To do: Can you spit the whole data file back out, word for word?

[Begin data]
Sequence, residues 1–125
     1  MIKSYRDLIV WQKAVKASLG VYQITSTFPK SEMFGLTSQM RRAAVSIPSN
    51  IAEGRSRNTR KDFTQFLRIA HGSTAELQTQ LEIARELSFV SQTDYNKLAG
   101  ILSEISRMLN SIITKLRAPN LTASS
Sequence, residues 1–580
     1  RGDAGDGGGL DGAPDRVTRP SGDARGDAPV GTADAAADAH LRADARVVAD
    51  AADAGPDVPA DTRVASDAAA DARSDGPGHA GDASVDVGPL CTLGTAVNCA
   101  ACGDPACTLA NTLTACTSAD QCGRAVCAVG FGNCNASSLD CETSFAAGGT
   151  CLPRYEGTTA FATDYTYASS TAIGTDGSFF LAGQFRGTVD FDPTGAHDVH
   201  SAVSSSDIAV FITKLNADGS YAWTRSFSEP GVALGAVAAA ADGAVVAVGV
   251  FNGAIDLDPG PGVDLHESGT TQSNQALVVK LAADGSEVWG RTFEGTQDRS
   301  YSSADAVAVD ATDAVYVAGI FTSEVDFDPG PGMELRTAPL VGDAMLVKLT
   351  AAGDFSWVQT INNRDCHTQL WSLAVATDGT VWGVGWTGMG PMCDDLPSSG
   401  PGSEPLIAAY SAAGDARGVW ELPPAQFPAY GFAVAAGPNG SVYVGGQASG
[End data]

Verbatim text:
Sequence, residues 1–125
     1  MIKSYRDLIV WQKAVKASLG VYQITSTFPK SEMFGLTSQM RRAAVSIPSN
    51  IAEGRSRNTR KDFTQFLRIA HGSTAELQTQ LEIARELSFV SQTDYNKLAG
   101  ILSEISRMLN SIITKLRAPN LTASS
Sequence, residues 1–580
     1  RGDAGDGGGL DGAPDRVTRP SGDARGDAPV GTADAAADAH LRADARVVAD
    51  AADAGPDVPA DTRVASDAAA DARSDGPGHA GDASVDVGPL CTLGTAVNCA
   101  ACGDPACTLA NTLTACTSAD QCGRAVCAVG FGNCNASSLD CETSFAAGGT
   151  CLPRYEGTTA FATDYTYASS TAIGTDGSFF LAGQFRGTVD FDPTGAHDVH
   201  SAVSSSDIAV FITKLNADGS YAWTRSFSEP GVALGAVAAA ADGAVVAVGV
   251  FNGAIDLDPG PGVDLHESGT TQSNQALVVK LAADGSEVWG RTFEGTQDRS
   301  YSSADAVAVD ATDAVYVAGI FTSEVDFDPG PGMELRTAPL VGDAMLVKLT
   351  AAGDFSWVQT INNRDCHTQL WSLAVATDGT VWGVGWTGMG PMCDDLPSSG
   401  PGSEPLIAAY SAAGDARGVW ELPPAQFPAY GFAVAAGPNG SVYVGGQASG